That Apple's working on a follow-up to the iPad 2 is not much of a surprise. A similar report from DigiTimes earlier this month said Apple was in the process of selecting the parts that would go into it. However, Apple introducing a third iPad model within eight months of debuting the last version would be highly unusual. Even the iPod, which has been one of Apple's most frequently updated gadgets, has long stayed on an annual cycle that may only vary by a few weeks to a month.

Along with the iPad 3 tidbits, DigiTimes puts the kibosh on rumors that Apple is scrapping together two models of the iPhone. That rumor's been kicking around for years, though it's become more high profile after numerous reports of Apple releasing an incremental upgrade to the existing iPhone 4 model.

This week marked the four-year anniversary of Apple's original iPhone going on sale. The iPhone 4, which remains the most recent model, went on sale more than a year ago on June 24, 2010.


Report: Twitter to launch own photo sharing

It looks like Twitter's recent app expansion effort might just be getting started.

The microblogging site is getting ready to announce its own photo-sharing service this week, according to a TechCrunch report that cited multiple anonymous sources.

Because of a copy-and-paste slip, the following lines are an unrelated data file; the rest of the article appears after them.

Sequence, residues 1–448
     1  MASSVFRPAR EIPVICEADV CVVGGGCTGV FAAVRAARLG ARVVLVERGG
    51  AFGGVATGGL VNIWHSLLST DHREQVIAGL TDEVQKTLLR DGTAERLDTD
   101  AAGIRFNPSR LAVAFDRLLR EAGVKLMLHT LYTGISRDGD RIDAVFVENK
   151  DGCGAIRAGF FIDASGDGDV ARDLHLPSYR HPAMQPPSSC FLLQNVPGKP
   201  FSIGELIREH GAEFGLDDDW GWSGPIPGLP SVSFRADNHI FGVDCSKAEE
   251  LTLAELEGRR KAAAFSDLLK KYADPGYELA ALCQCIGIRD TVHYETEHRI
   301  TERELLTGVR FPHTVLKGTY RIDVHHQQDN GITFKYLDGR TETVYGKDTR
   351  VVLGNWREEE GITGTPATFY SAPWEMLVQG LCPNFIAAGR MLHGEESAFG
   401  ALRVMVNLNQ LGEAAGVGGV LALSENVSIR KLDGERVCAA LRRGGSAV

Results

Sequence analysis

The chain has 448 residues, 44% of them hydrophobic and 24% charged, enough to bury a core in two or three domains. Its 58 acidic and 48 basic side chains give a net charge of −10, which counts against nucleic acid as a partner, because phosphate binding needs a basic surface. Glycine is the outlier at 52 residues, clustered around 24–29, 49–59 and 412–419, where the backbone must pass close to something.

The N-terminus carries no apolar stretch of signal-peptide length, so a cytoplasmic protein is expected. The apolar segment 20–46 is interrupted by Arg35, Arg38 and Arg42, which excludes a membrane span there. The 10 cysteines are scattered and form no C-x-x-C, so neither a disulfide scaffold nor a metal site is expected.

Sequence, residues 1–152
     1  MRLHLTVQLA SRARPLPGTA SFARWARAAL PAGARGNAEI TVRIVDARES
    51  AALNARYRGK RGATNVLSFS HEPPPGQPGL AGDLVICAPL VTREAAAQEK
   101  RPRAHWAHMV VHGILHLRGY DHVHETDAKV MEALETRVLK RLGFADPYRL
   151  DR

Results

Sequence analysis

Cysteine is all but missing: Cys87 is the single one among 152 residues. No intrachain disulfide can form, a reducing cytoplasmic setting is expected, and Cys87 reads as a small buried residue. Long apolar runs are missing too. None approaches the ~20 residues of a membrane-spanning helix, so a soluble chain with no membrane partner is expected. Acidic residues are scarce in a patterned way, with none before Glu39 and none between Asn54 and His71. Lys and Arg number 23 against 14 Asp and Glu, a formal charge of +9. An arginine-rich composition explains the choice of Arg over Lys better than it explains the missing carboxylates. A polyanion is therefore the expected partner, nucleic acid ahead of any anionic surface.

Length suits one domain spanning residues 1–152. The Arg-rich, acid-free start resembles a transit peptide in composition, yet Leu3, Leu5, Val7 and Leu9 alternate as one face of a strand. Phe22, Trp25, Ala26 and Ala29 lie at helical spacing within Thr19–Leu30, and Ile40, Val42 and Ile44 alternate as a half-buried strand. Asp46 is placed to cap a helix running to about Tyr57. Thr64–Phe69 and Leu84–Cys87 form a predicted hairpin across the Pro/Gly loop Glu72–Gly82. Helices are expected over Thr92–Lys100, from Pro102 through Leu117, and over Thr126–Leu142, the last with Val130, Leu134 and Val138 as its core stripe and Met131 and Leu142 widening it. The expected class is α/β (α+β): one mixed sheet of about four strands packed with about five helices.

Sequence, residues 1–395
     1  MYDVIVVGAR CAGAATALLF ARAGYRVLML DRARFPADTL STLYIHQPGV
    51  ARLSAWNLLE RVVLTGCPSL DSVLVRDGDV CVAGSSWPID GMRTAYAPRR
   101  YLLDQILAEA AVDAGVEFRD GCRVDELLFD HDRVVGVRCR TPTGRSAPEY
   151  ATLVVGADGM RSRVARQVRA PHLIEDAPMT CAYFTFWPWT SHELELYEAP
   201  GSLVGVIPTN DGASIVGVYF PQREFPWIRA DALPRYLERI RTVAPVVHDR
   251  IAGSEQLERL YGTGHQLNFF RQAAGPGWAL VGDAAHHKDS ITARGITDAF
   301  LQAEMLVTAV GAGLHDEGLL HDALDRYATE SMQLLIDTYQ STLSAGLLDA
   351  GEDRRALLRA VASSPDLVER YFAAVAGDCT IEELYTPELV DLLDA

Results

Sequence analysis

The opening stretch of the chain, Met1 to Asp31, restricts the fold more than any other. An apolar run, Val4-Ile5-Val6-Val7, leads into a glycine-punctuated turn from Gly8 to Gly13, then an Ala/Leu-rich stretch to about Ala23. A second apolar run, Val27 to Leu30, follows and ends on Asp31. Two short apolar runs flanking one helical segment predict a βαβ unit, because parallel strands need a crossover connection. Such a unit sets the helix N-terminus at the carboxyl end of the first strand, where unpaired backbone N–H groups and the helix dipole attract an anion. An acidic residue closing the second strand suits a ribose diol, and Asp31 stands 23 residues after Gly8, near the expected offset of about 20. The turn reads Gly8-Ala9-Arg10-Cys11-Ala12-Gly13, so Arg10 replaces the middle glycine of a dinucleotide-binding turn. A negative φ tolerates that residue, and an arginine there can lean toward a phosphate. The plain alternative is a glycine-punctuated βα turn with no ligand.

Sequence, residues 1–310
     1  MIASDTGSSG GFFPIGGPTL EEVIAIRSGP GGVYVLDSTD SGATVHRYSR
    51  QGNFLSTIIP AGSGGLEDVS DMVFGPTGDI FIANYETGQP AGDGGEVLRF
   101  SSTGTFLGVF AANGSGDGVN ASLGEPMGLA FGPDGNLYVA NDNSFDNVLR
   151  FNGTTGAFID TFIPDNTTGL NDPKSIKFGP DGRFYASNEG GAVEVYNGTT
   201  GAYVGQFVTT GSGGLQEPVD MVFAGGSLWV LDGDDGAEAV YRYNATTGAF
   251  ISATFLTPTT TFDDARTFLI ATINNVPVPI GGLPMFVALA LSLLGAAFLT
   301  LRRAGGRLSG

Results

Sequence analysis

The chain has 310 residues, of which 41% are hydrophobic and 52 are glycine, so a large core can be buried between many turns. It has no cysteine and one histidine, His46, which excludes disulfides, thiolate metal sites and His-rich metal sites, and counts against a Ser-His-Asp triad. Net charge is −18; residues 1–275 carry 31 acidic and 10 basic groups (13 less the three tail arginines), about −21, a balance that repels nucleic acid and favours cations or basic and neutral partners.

Twitter users can already share photos on their Twitter streams via Twitpic and Yfrog, but as the report noted, a built-in service would have a significant advantage over competing apps.

The site is also close to acquiring AdGrok, a platform for bidding on keywords on Google AdWords, for less than $10 million, according to a separate TechCrunch report citing multiple sources.

Twitter's official media relations feed had no comment on the reports.

Twitter confirmed on Wednesday it would acquire the popular desktop client TweetDeck for $40 million.


Nvidia touts quad-core Kal-El chip in Android tablet

Nvidia's Glowball demo running on a Honeycomb Android tablet using the company's quad-core Kal-El processor technology

Nvidia, an emerging power in the world of ARM processors for smartphones and tablets, has published a demonstration game called Glowball the company says shows what can be achieved with its quad-core Kal-El mobile processor project.

In the demo, an internally lit ball rolls around a playing board. With "dynamic lighting," shapes on the ball's exterior casting shadows on stacked barrels, lurking jack-in-the-boxes, hanging rugs, and a creepy clown face. The game's physics engine is wired into the tablet's accelerometer to determine how the ball rolls, the rugs hang, and the barrels tumble.

"All this is being simulated in real time. There's no canned animations," Nvidia says in the video. It generally runs smoothly, though it's not clear what the lag is between when the user tilts the tablet and when the game responds.